Over the course of 18 months, 24 outstanding Jewish professionals will engage in a customized professional development journey as part of the Schusterman Fellowship. The Fellows come from across the U.S., Europe, Israel and Australia, and they work inside and outside of the Jewish sector. As part of this blog series, we'll be bringing you short interviews with each of the Fellows in which they'll share a bit about themselves and their vision for the future.
Meet Ben Falik below!
Ben Falik is the Detroit Director of Repair the World, where he leads a team of eight Fellows, develops diverse partnerships and manages a community space—all in pursuit of Repair the World's mission of making service a defining part of American Jewish life. A metro-Detroit native, Ben founded Summer in the City (summerinthecity.com) in 2002 to make it "fun, flexible and fulfilling" for young volunteers to "paint, plant and play."
Ben has a Bachelors in Urban Studies from Columbia University, where he was the food editor of the Columbia Daily Spectator and the Hooker for Columbia Men's Rugby. He has a JD and a Masters in Public Policy from the University of Michigan. Ben writes the monthly Jewfro Column for the Detroit Jewish News and teaches a service-learning course at Wayne State University. He is married with two small children and a large dog.
1. What are you most excited to gain from the Fellowship? What are you most looking forward to learning?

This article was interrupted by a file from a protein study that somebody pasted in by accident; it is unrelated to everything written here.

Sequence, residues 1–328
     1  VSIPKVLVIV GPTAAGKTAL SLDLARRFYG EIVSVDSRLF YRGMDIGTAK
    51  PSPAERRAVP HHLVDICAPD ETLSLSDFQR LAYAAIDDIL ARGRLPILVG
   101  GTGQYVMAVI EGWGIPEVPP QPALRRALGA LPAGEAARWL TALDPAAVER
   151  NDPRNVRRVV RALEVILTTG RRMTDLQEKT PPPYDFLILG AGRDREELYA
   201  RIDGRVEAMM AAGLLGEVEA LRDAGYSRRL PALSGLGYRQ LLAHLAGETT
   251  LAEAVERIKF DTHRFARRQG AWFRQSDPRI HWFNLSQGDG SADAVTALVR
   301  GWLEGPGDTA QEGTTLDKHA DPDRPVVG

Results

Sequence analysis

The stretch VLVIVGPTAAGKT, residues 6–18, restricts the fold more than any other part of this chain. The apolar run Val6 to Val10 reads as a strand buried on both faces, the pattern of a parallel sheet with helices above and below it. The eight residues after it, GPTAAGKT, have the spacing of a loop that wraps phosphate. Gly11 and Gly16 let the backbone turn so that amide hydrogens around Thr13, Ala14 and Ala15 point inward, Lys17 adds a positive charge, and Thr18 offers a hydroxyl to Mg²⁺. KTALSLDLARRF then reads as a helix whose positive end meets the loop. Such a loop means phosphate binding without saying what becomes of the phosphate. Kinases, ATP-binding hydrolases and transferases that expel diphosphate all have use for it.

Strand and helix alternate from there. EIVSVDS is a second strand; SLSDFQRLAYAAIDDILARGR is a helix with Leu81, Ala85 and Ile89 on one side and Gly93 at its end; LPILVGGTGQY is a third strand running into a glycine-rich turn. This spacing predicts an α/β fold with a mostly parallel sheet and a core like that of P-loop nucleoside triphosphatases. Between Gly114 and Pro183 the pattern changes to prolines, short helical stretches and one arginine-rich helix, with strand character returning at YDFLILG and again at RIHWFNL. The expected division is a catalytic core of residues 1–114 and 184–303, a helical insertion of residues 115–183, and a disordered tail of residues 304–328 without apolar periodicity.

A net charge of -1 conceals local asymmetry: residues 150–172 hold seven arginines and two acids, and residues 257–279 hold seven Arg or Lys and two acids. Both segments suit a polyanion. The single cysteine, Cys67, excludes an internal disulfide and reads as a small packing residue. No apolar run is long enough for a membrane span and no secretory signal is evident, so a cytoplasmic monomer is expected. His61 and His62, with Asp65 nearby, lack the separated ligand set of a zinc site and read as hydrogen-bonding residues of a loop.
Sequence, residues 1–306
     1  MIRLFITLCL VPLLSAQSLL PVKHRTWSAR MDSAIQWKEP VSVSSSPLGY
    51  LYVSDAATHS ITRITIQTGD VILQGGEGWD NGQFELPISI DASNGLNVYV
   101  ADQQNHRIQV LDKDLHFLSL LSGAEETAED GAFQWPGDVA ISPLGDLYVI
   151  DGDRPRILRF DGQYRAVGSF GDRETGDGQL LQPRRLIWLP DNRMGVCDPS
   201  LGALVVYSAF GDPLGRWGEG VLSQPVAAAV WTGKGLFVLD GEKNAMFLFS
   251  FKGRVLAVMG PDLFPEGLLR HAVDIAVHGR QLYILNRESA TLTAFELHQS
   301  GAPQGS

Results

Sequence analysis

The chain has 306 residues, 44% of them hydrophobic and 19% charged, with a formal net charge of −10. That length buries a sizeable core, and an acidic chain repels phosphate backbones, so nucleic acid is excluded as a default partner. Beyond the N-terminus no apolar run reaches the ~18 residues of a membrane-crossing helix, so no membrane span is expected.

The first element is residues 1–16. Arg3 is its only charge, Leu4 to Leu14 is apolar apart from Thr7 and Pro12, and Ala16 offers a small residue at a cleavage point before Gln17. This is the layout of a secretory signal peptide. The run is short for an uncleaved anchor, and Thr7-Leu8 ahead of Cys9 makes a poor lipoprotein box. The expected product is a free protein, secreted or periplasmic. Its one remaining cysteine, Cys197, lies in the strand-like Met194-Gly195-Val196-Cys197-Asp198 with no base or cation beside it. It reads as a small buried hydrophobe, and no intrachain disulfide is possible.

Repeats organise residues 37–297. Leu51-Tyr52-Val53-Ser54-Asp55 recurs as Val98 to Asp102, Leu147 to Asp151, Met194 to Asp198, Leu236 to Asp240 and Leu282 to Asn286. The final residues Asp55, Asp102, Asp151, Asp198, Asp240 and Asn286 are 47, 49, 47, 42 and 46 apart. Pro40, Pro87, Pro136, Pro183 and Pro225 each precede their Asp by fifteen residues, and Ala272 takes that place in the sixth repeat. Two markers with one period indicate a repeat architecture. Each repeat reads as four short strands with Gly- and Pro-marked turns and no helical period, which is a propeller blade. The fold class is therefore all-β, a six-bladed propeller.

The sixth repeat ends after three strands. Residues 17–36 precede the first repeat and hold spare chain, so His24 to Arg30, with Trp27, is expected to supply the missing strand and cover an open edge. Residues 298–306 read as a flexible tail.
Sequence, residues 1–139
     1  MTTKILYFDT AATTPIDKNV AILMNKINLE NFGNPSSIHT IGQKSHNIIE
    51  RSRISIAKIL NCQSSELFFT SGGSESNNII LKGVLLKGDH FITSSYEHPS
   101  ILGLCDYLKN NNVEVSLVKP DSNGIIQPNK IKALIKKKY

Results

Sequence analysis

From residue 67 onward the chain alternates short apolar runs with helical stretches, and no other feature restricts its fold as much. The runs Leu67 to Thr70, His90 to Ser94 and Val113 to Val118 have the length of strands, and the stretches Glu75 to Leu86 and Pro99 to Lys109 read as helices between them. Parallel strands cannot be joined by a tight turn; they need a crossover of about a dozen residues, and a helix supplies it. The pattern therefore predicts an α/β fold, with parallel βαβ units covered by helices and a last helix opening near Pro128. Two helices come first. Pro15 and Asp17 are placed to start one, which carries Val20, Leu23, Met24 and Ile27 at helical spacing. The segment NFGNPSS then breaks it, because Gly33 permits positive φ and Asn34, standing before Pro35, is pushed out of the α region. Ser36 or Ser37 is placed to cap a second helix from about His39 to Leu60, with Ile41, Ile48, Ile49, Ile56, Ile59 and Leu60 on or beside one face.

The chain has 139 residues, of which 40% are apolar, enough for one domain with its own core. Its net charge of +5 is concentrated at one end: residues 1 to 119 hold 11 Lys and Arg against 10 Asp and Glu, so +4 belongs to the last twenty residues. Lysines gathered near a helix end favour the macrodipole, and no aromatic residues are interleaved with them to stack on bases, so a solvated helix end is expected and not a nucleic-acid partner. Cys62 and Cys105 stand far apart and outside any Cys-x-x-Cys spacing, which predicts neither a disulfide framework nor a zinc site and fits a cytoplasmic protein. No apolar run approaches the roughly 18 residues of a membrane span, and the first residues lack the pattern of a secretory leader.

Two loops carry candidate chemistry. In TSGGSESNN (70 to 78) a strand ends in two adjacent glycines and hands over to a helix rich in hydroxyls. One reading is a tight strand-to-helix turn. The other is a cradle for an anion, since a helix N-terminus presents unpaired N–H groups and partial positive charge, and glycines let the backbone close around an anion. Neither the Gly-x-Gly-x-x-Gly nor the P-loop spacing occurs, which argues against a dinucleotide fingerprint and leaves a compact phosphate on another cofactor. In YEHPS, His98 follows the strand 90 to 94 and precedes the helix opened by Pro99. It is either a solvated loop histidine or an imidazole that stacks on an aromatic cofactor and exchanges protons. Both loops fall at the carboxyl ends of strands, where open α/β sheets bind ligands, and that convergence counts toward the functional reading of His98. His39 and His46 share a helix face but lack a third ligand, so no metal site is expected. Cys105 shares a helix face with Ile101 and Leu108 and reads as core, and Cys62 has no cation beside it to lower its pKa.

I'm excited to "get to the balcony." As much as I love working in the Jewish and grassroots communities in Detroit—and I wouldn't trade this for anything—I sometimes have trouble zooming out to get as much context and content as possible to enhance my work.
2. "Leadership" is a popular term these days, used in a variety of contexts. Tell us, what does leadership mean to you?
My favorite leadership quote, of late, is "The first responsibility of a leader is to define reality. The last is to say thank you. In between, the leader is a servant." I think leadership is all about adapting—to changing settings, to new opportunities, to crises. "Holding space" in which others can have both self-determination and support.
3. What is the greatest piece of leadership advice you have received and do you use it?
Do what you love and the money will follow. I have relished being on the ground as Detroit works to chart a course (or courses) for the future.
4. How does your Jewish identity affect your leadership?
My Jewish identity helps both inform and balance out the extremes of my personality—humor and gravity, cautious optimism and healthy skepticism, the arc of history and the power of reinvention.
5. If you were given a surprise day off, how would you spend it?
I would pick up my kids from school and take them on a "Downtown Adventure," exploring downtown Detroit, all three of us seeing the city for its sparkle and possibilities. We would ride the People Mover (our much maligned but undeniably enjoyable elevated rail line), check out the new GM cars at the Renaissance Center ("so much shinier than yours, daddy") and walk (or rollerblade!) along the Detroit River to the Mt. Elliott Park with its pirate-shipwreck fountains.
The Charles and Lynn Schusterman Family Foundation is proud to empower emerging leaders to explore their values, identity and new ways to strengthen their communities. We believe that as we work together to repair the world, it is important to share our diverse experiences and perspectives along the way. We encourage the expression of personal thoughts and reflections here on the Schusterman blog. Each post reflects solely the opinion of its author and does not necessarily represent the views of the Foundation, its partner organizations or all program participants.